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Dr. Carter G. Woodson — Father of African-American History

Father of African-American History, educator, author, editor, administrator and historian, Dr. Carter G. Woodson was born in Buckingham County, Virginia. He graduated from Douglass High School in 1896 and returned there as principal from 1900 to 1903. He continued his education at Berea College and the University of Chicago, earning a Ph.D. degree from Harvard University. Dr. Woodson's book The Negro in Our History was published in 1922.

Published in 1933, his book The Miseducation of the Negro is still considered as a classic in the discipline of Black Studies. Single-handedly, Dr. Woodson, through these writings and his organizational ability, promoted and insured the viability of Black history in schools and colleges in this country. He was convinced that if a race had no recorded history, its achievements would be forgotten or ignored, and eventually claimed by others. In February 1926 through the Association of the Study of African-American Life and History, Dr. Woodson launched a campaign for "Negro History Week." The "Week" was his approach to securing for the African-American a firm basis for self-knowledge, self-confidence and for a revision of public opinion. The program was a definitive success and has continued to be celebrated to date.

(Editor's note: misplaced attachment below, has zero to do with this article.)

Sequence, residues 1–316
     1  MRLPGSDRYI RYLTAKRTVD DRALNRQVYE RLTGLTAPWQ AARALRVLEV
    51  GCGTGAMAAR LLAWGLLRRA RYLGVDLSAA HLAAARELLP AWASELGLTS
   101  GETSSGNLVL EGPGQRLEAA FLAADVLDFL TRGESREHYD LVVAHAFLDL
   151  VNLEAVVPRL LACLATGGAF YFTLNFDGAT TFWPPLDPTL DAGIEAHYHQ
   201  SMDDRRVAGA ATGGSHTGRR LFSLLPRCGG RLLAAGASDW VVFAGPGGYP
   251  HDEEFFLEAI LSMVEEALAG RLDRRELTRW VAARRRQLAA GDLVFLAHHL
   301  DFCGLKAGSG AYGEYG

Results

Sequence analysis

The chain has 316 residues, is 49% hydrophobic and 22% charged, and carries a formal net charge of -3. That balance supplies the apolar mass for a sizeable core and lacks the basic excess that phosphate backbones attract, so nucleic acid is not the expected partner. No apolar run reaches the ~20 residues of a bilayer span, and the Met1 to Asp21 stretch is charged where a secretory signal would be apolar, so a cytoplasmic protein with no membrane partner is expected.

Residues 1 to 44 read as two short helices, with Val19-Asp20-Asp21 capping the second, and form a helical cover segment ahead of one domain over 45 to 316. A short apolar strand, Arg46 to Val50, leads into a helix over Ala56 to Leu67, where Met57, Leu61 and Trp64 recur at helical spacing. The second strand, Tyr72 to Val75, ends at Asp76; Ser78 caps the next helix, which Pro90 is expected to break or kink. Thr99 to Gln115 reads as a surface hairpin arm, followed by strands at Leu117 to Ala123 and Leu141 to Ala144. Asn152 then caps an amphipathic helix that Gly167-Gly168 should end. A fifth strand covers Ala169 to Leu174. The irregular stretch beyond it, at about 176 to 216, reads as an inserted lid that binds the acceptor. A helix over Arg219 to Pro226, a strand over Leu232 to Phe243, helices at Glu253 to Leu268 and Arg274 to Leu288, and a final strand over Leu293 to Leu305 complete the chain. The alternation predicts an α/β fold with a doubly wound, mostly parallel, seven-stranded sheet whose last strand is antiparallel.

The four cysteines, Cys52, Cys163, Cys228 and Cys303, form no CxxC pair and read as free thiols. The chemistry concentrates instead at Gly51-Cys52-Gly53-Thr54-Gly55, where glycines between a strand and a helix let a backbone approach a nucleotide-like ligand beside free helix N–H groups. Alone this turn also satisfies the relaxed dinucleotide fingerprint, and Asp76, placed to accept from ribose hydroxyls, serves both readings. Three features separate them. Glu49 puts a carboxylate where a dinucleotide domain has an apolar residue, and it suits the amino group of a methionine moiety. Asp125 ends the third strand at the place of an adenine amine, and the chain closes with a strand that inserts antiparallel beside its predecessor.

Dr. Woodson devoted his life to the mission of researching and documenting African-American history. He believed that an accurate understanding of African-American history would promote pride within the Black community. He also believed that understanding would foster greater respect for the Black community within the broader society. Dr. Woodson brought to the forefront a critically important aspect of the nation's past that most historians had distorted or ignored altogether.

Stately in appearance and reserved in manner but with fervor in his commitment, Dr. Woodson is universally acknowledged as the "Father of African-American History."